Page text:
Endangered Animals in the Rainforest
Endangered Animals of the Rainforest
Every year, more and more of the rainforest is destroyed by both natural and preventable means. Unfortunately, the larger the loss of tropical forests, the more homes of animals are lost. The only protection we can give them is to provide them with more areas where they can call home, to prevent these endangered animals from becoming extinct.
The Javan Rhinoceros lives in the tropical forest and is now considered critically endangered. Of the five species of rhinoceroses, this is the most threatened with only 35 left in the wild. They currently reside in Ujung Kulon National Park, where they are protected. The park is located in Java, Indonesia, which is where they inherited their name. Unfortunately, due to their enormous size, they require a large amount of area to roam.
They used to run free in Vietnam; unfortunately, the last known Javan rhinoceros that was wild in Vietnam was poached in 2010. Since then, there have not been any known sitings in this area.
A Javan Rhino weighs anywhere from 1,984 - 5,071 pounds, stands at about 4'7" - 5'8" tall, and is 10-10.5 feet long. Both males and females have a single horn in the center of their head that measures about 10 inches. They are noted for their armor-plated appearance, due to several loose-folds in their dusky gray skin.
Pic of Sumatran Rhino
The Sumatran rhinoceros is another endangered rhino with fewer than 400 in the wild. Though not as endangered as its cousin the Javan rhino, it is still one of the rarest large mammals in the world. They are found living in isolated dense mountain forests. There have been sitings in Malaysia and Indonesia, although there are rumors they may also be living in Burma.
These are the smallest of the rhinos measuring somewhere between 4 feet and 5 feet. They weigh around 1,760 pounds and are about 8-10 feet long. The Sumatran rhino has small patches of short dark, stiff hair and their hide is a dark red-brown color. The hair cakes mud to the body, which helps them stay cool.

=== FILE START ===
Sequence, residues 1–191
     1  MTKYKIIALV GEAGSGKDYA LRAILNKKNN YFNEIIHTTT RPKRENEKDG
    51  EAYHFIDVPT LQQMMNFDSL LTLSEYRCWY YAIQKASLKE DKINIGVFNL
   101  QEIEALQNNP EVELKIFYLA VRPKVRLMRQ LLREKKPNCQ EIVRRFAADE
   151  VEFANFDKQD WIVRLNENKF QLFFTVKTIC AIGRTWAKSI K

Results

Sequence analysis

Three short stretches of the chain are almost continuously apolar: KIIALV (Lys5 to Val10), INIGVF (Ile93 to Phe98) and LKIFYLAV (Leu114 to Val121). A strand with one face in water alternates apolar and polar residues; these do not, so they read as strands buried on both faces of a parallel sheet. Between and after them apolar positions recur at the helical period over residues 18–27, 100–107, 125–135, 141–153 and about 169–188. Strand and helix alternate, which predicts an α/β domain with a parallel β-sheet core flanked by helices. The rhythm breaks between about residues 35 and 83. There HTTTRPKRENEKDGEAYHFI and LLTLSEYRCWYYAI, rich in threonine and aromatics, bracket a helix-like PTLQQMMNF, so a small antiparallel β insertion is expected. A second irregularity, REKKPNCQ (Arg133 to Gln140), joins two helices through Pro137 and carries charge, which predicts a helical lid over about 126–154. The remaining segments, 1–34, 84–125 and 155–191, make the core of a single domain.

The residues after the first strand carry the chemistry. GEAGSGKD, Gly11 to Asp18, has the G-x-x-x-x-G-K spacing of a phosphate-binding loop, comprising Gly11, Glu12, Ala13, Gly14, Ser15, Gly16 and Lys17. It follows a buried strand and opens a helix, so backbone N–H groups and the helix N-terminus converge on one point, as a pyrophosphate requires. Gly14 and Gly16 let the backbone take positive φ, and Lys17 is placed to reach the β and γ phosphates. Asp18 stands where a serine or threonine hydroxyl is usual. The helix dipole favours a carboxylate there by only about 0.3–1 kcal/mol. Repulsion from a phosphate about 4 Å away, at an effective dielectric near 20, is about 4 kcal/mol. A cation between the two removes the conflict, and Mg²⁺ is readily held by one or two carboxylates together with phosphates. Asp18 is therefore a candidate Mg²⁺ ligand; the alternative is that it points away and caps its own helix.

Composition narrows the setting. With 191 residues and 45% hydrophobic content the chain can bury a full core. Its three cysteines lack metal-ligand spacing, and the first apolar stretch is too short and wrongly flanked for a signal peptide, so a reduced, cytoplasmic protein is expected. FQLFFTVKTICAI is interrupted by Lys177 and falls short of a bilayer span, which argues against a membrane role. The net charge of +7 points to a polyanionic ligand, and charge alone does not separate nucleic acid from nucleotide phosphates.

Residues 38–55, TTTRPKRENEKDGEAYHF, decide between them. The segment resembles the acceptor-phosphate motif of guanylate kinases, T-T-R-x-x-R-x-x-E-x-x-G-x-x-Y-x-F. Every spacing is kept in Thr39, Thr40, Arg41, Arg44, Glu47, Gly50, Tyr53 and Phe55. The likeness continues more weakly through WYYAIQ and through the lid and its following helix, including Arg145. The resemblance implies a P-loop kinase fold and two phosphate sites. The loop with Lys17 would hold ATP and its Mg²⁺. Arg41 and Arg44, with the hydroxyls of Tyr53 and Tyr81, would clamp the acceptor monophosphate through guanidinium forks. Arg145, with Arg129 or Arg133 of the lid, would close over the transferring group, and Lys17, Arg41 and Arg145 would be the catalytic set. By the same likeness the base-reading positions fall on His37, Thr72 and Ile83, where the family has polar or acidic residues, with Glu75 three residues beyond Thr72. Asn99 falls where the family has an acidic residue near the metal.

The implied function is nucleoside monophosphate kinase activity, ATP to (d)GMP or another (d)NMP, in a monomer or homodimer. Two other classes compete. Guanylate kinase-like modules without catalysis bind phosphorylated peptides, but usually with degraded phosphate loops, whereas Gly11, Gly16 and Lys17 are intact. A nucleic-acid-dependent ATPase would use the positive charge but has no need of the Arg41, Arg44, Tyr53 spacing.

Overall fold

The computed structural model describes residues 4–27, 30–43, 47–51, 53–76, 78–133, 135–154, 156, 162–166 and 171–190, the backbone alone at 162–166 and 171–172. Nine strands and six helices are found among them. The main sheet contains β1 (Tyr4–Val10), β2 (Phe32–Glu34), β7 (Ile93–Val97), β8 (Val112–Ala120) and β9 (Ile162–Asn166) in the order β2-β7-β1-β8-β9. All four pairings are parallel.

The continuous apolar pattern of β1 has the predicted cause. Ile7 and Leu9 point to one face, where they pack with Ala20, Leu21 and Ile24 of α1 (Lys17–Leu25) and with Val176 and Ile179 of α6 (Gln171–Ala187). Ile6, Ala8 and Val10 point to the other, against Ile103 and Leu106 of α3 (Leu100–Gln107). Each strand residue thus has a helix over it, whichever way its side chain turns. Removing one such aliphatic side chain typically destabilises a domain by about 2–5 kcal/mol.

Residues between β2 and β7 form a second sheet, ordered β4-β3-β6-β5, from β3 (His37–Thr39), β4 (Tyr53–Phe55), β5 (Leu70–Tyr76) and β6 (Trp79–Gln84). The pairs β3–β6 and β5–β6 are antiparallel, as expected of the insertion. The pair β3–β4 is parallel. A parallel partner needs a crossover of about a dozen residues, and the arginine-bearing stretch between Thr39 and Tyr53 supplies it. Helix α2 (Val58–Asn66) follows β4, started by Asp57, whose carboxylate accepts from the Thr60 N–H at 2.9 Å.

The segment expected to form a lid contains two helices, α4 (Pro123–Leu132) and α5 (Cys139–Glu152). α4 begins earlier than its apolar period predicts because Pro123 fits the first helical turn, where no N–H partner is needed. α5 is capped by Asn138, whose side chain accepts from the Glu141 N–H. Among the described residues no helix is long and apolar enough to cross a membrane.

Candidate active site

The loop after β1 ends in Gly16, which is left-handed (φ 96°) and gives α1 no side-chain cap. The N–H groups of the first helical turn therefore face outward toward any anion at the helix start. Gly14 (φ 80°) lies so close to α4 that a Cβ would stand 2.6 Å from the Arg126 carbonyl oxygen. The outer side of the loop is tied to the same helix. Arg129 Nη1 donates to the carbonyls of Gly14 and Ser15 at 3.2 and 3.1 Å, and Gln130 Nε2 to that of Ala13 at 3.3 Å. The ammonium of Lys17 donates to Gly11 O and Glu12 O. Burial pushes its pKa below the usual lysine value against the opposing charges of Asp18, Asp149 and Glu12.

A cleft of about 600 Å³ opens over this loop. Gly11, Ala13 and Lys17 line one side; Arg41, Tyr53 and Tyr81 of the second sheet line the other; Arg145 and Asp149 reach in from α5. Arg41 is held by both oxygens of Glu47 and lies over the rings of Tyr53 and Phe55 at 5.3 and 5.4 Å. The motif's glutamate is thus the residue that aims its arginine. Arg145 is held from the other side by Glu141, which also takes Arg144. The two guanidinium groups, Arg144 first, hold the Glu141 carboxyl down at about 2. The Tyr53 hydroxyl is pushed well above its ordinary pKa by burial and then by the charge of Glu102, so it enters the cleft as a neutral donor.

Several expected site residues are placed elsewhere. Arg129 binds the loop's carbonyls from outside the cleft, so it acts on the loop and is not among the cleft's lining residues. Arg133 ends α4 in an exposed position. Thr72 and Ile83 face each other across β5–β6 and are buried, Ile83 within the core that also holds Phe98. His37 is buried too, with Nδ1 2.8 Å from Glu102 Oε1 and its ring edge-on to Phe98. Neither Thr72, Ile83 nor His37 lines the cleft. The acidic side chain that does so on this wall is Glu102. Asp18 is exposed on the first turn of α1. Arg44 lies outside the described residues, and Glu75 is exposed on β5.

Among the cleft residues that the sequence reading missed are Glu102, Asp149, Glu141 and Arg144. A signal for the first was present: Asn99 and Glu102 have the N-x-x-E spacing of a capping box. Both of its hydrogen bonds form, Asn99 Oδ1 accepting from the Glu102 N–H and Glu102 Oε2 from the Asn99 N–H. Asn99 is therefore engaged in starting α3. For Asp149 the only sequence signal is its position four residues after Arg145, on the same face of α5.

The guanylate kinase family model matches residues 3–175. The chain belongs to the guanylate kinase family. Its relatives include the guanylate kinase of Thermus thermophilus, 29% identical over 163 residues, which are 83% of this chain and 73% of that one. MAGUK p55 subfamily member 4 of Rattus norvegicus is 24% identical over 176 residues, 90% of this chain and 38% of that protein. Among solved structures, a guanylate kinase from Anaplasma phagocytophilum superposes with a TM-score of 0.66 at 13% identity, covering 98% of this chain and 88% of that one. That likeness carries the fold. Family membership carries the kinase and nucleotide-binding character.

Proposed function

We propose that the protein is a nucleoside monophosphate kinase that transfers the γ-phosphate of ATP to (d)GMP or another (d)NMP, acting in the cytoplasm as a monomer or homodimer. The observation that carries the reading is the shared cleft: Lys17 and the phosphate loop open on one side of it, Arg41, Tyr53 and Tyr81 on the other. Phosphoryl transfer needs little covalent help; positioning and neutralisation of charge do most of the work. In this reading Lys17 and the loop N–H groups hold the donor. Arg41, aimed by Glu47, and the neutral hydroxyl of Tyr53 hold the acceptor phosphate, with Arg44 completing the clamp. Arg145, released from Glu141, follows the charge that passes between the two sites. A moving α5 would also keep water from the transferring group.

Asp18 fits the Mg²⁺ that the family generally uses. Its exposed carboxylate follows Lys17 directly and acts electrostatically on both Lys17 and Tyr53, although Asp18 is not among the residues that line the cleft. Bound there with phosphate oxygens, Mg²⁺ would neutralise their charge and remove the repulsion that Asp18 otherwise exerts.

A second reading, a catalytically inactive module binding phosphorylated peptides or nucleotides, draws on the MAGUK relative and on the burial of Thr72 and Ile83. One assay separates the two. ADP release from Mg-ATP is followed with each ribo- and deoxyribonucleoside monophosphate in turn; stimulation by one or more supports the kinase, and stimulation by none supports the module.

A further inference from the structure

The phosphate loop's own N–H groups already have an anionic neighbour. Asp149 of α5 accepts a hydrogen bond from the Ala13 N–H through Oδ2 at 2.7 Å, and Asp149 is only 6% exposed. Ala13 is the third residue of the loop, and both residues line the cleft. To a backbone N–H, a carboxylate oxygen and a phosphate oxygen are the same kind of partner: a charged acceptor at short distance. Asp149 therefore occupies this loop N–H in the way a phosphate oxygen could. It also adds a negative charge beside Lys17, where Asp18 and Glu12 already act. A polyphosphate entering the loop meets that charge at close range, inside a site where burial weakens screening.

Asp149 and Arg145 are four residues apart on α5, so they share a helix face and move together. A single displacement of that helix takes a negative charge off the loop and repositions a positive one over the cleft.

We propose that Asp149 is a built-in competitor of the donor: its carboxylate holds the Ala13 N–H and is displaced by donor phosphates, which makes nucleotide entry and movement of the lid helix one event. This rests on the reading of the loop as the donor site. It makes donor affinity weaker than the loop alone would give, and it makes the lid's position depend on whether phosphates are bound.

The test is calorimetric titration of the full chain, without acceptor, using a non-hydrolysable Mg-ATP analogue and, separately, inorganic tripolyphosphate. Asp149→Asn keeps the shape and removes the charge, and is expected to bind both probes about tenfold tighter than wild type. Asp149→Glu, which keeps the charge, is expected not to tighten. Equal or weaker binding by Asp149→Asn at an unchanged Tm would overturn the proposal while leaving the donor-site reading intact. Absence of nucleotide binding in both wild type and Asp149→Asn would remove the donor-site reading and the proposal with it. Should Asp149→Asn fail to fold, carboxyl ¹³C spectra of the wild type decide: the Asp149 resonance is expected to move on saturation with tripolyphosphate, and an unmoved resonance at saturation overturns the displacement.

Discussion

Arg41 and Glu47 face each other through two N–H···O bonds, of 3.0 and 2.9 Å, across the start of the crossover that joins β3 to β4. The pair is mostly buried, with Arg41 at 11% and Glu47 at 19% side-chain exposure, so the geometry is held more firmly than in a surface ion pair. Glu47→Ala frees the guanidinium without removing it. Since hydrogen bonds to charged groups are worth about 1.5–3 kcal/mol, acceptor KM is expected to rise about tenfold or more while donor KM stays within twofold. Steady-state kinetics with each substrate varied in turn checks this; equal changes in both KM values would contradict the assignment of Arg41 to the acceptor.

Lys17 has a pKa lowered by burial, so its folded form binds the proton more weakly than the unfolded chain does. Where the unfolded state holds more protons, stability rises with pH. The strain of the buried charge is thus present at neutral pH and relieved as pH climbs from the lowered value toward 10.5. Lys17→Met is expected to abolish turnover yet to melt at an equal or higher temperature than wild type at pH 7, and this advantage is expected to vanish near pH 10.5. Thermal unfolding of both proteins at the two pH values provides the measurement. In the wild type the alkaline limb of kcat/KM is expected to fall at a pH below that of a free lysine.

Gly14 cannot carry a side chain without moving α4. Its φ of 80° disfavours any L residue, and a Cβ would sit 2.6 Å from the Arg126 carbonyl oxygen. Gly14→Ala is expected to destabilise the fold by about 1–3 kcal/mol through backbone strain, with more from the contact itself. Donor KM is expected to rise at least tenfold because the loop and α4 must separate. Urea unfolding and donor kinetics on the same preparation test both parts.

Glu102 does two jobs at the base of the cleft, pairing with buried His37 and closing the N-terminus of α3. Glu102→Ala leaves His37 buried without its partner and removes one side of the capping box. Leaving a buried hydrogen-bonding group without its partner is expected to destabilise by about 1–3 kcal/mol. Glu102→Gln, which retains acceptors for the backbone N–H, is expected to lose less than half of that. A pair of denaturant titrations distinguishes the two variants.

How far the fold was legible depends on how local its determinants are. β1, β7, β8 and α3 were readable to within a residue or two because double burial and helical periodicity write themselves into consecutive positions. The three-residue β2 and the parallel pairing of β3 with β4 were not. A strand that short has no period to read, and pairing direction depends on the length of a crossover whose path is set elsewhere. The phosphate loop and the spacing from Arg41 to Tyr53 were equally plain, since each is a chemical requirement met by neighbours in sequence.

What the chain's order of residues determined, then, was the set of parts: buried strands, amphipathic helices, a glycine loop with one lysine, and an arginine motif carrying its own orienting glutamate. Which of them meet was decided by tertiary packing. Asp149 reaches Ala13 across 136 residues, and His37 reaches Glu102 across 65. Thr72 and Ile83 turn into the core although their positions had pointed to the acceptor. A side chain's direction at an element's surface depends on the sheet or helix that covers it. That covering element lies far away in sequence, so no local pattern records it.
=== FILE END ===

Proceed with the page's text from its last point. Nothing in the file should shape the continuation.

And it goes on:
They are also unique due to having two horns rather than one. The longer horn grows about 31 inches, whereas the smaller horn grows to 3 inches. Unfortunately, it is their horns that have caused them to be a subject for poaching. In Asia, they use the horns for medicinal purposes, which is why these animals are so sought after. Middle Eastern countries also use the horns for their own purposes. Many have turned them into decorative dagger handles.
Sloths are another animal that relies on the tropical forests to survive. These animals, notorious for being the slowest mammal on earth, are differentiated by how many prominent claws they have. They are split between two-toed and three-toed sloths. Both are so sedentary, that their main defense is the algae that grow on their fur, which camouflages them in trees. They sleep 15-20 hours a day, and even when they are awake, they rarely move. They even have their babies in the treetops. Sometimes after a sloth dies, they will remain suspended from a branch.
Although they will rarely be on land, when they are, they are quite clumsy and do not move very well. They also have no protection when they are on land from predators such as big cats. Surprisingly, they are quite good swimmers, and will on occasion fall into the water where they will have to swim out. The one natural advantage they do have is their ability to turn their necks at 270 degrees. This allows them to look around quite well.
Since they are too slow to catch food, they are herbivores, eating fruit and leaves from the trees. Since they are unable to go to a pond for a drink, they rely on the water they get from the leaves and fruit. They weigh less than 10 pounds and grow less than two feet in length.
South Island Kokako